Is philanthropist a dirty word?
A look at philanthropy through a modern lens.
I’m a lifelong philanthropist. There I said it. But you won’t find me on any list. Certainly not the Forbes List of 50 Philanthropists Who Have Given Away The Most Money. I’m not on the red carpet at galas. I don’t have my name in a lot of annual reports. I don’t have my names on buildings (or on the bricks outside those buildings). However I’m passionate about giving and have a philanthropic giving and volunteer strategy about where and how I give and update it every year. Still, I’m not in a position to donate millions. It’s not in my wheelhouse.
So why do I feel just a little bit strange to call myself a philanthropist?
Maybe it’s because of the media. Maybe it’s the nonprofits themselves. Maybe it’s the way philanthropists are portrayed giving away millions and living glamorous lifestyles. Maybe it’s just me. I’ve had debates for years about why the simple word “philanthropy” leaves so many of us wanting and wishing for a better word to use. What philanthropy entails, what baggage comes with it and how to change the misconceived perceptions about what it really means.
Words matter. Beyond the Merriam Webster “official” definition, words come with baggage and are weighted with experience. Officially, philanthropy is simple:
1 : a spirit of goodwill toward all people especially when expressed in active and generous efforts to help others
2 : a charitable act or gift
3 : an organization which distributes or is supported by charitable contributions
Unofficially it gets complicated. Which of the following gifts would a nonprofit consider to come from a philanthropist?
$1,000,000 gift from 1 person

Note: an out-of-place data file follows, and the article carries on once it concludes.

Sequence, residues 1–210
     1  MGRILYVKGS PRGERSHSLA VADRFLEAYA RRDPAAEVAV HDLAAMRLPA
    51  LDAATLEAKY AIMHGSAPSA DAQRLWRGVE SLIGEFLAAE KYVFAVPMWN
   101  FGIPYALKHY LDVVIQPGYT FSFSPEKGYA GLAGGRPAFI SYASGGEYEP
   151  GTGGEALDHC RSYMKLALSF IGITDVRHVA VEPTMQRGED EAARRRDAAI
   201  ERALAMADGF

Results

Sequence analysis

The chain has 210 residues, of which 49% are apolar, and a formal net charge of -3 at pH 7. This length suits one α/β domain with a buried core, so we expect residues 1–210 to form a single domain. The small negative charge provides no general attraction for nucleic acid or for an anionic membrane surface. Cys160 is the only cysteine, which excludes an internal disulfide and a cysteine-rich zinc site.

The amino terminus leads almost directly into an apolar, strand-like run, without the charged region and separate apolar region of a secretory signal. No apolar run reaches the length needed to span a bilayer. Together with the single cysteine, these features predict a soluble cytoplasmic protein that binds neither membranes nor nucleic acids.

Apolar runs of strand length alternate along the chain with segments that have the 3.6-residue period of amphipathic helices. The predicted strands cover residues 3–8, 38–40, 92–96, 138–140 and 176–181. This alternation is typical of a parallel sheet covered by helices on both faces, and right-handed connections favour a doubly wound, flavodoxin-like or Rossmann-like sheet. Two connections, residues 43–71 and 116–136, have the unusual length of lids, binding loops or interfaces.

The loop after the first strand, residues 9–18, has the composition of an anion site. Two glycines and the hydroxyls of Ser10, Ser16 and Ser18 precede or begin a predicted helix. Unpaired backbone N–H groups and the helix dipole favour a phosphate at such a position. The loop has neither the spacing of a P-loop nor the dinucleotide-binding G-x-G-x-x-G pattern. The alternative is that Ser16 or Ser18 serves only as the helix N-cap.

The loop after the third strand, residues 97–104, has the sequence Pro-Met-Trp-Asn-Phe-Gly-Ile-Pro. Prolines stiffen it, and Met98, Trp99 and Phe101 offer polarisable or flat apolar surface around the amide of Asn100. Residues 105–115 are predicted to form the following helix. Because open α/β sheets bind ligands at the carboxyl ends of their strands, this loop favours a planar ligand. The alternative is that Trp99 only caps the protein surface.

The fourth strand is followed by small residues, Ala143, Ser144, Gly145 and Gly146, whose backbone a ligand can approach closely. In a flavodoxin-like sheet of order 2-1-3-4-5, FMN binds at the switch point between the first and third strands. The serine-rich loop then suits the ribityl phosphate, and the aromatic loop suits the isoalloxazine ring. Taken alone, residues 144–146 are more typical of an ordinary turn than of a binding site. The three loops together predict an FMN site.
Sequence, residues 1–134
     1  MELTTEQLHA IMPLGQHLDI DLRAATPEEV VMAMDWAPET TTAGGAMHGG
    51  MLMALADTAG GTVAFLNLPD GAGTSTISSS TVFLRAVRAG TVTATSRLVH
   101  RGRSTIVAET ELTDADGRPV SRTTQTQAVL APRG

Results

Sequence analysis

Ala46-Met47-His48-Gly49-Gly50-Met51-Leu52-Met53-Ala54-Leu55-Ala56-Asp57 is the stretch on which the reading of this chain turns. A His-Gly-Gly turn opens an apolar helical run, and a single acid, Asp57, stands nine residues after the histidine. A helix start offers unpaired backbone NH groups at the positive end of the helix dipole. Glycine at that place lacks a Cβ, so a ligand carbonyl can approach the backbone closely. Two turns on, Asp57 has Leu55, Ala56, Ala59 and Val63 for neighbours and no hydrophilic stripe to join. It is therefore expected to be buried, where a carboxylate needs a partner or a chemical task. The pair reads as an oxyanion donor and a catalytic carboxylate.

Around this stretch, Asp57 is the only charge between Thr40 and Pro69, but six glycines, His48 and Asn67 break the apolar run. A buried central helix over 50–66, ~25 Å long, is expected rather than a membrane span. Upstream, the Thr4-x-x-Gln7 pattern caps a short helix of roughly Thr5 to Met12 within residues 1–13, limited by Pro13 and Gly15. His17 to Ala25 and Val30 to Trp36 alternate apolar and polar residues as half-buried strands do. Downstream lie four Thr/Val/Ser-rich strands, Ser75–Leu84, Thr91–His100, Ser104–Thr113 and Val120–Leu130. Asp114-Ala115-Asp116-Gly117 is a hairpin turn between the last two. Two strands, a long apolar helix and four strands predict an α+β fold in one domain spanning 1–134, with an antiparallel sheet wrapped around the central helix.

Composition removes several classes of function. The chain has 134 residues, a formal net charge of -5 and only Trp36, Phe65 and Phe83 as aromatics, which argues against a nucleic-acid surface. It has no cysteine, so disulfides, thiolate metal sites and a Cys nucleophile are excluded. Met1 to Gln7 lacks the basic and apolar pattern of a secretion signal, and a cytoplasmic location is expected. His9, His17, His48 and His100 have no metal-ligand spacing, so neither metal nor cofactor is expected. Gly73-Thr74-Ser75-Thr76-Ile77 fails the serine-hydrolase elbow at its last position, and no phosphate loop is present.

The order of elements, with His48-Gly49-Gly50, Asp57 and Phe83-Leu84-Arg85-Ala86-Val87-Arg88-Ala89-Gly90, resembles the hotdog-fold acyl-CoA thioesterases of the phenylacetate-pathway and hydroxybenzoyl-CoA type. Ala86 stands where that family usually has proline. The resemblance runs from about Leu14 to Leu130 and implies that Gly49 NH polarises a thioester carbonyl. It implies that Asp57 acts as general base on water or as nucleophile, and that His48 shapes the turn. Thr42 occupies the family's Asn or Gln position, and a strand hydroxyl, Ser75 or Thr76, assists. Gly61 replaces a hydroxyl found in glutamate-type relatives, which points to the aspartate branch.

$200 from 5,000 people
$10 from 100,000 people
The first one right? My question is not do they think of these gifts differently but should they?
Don’t hate the player, hate the game. If we want to change how we’re categorized and how we’re portrayed, that has to come from us. After all, if we go back to the definition then our focus should be about the act of being generous and helping others, not the amount.
With that definition we can all be philanthropists.
If we want to redefine how we think about a word or an action, it’s up to us. There are other words we proudly take on like donor, volunteer, change maker, global citizen and activist. But can we also adopt the moniker philanthropist? Why not?
Philanthropists don’t have to be only old white men giving away their billions. That’s not the only face of philanthropy I want to see and I know it’s not the only kind that exists in our society. It’s not about the who or the when. It’s about the what. It’s about the small actions we choose to take every day.
It’s about today.
(Side note: If you’re a billionaire reading this, please keep giving! If you need suggestions on nonprofits, let me know!)
I don’t want to be a philanthropist for the fame. If I had billions I would certainly be first in line to give it away and someone would probably write about it. That’s ok. We all need something to read and inspire us and make us feel good.
All of our lives would be a lot richer (emotionally and spiritually) if we had more readily accessible stories about what we do to give back. I’d like to see more stories about how everyday people have built giving into their lives and how they are redefining philanthropy to fit into today’s world. Think of how inspiring that would be.
Don’t be intimidated by a word. Take it and make it yours. Philanthropy is about goodwill which is much more than just bells and whistles. You can be a philanthropist if you want to, no one is holding you back.
If you found value in this article, and I hope you did, please press the recommend button below!